segunda-feira, 9 de abril de 2007

Sol LeWitt morreu

Morreu Sol LeWitt, artista americano ligado ao movimento minimalista e uma das figuras mais importantes da arte americana do século XX.
Depois de uma longa batalha contra o cancro morreu no passado dia 8 de Abril em N.Y. com 78 anos.
Em 1969 publicou Sentences on Conceptual Art texto determinante para a compreensão e desenvolvimento da arte contemporânea.

Sentences on Conceptual Art
by Sol Lewitt (1969)

1_Conceptual artists are mystics rather than rationalists. They leap to conclusions that logic cannot reach.
2_Rational judgements repeat rational judgements.
3_Irrational judgements lead to new experience.
4_Formal art is essentially rational.
5_Irrational thoughts should be followed absolutely and logically.
6_If the artist changes his mind midway through the execution of the piece he compromises the result and repeats past results.
7_The artist's will is secondary to the process he initiates from idea to completion. His wilfulness may only be ego.
8_When words such as painting and sculpture are used, they connote a whole tradition and imply a consequent acceptance of this tradition, thus placing limitations on the artist who would be reluctant to make art that goes beyond the limitations.
9_The concept and idea are different. The former implies a general direction while the latter is the component. Ideas implement the concept.
10_Ideas can be works of art; they are in a chain of development that may eventually find some form. All ideas need not be made physical.
11_Ideas do not necessarily proceed in logical order. They may set one off in unexpected directions, but an idea must necessarily be completed in the mind before the next one is formed.
12_For each work of art that becomes physical there are many variations that do not.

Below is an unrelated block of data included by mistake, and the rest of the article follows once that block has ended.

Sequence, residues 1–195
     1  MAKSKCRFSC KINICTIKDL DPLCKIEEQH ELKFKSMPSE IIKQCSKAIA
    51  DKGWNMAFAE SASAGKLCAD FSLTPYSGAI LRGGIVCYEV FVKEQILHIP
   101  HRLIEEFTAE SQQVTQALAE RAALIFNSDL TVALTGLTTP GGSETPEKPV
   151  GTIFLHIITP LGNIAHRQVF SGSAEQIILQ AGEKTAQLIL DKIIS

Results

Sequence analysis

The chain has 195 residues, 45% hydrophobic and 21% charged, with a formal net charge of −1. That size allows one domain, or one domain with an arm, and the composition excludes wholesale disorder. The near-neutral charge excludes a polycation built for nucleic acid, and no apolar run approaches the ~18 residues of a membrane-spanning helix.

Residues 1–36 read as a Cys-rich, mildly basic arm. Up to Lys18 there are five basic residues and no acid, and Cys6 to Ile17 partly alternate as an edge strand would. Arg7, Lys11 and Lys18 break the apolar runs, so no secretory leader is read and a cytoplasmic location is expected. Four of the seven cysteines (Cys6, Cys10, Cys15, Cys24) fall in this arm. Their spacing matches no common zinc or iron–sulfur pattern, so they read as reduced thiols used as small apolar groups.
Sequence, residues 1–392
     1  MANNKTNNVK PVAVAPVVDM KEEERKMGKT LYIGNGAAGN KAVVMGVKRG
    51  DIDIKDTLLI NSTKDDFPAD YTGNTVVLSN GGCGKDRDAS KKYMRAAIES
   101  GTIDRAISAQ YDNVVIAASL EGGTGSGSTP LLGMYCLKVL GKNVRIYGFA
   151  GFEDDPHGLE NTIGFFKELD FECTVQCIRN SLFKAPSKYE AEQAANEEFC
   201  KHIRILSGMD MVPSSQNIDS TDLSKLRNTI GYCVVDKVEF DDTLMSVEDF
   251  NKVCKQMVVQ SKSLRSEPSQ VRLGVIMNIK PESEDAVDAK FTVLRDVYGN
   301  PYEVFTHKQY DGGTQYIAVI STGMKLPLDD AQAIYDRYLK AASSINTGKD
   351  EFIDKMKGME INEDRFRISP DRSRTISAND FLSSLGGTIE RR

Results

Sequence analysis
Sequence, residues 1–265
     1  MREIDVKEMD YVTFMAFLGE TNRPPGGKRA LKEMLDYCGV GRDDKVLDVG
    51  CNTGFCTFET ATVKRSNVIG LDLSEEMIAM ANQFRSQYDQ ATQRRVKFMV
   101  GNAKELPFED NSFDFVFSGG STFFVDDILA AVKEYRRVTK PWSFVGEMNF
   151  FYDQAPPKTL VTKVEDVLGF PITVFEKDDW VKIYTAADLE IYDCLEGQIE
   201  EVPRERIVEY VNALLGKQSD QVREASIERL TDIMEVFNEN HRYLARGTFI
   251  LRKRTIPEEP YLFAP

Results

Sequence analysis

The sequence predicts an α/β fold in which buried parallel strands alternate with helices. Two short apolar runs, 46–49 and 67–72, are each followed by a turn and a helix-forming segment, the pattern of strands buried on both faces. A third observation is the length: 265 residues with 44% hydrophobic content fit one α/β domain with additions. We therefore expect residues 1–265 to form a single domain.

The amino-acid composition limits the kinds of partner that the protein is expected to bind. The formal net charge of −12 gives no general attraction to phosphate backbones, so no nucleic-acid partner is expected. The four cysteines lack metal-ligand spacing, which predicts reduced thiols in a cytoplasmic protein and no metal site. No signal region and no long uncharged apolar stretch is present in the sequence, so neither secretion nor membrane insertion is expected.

13_A work of art may be understood as a conductor from the artist's mind to the viewer's. But it may never reach the viewer, or it may never leave the artist's mind.
14_The words of one artist to another may induce an idea chain, if they share the same concept.
15_Since no form is intrinsically superior to another, the artist may use any form, from an expression of words (written or spoken) to physical reality, equally.
16_If words are used, and they proceed from ideas about art, then they are art and not literature; numbers are not mathematics.
17_All ideas are art if they are concerned with art and fall within the conventions of art.
18_One usually understands the art of the past by applying the convention of the present, thus misunderstanding the art of the past.
19_The conventions of art are altered by works of art.
20_Successful art changes our understanding of the conventions by altering our perceptions.
21_Perception of ideas leads to new ideas.
22_The artist cannot imagine his art, and cannot perceive it until it is complete.
23_The artist may misperceive (understand it differently from the artist) a work of art but still be set off in his own chain of thought by that misconstrual.
24_Perception is subjective.
25_The artist may not necessarily understand his own art. His perception is neither better nor worse than that of others.
26_An artist may perceive the art of others better than his own.
27_The concept of a work of art may involve the matter of the piece or the process in which it is made.
28_Once the idea of the piece is established in the artist's mind and the final form is decided, the process is carried out blindly. There are many side effects that the artist cannot imagine. These may be used as ideas for new works.
29_The process is mechanical and should not be tampered with. It should run its course.
30_There are many elements involved in a work of art. The most important are the most obvious.
31_If an artist uses the same form in a group of works, and changes the material, one would assume the artist's concept involved the material.
32_Banal ideas cannot be rescued by beautiful execution.
33_It is difficult to bungle a good idea.
34_When an artist learns his craft too well he makes slick art.
35_These sentences comment on art, but are not art.
First published in 0-9 (New York), 1969, and Art-Language (England), May 1969